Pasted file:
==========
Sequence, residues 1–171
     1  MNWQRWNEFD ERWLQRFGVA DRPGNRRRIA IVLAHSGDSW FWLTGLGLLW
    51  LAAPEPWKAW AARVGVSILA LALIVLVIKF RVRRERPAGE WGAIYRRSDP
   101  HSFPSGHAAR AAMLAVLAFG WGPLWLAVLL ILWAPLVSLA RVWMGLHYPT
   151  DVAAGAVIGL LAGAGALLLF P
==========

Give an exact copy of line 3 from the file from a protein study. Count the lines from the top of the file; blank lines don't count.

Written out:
    51  LAAPEPWKAW AARVGVSILA LALIVLVIKF RVRRERPAGE WGAIYRRSDP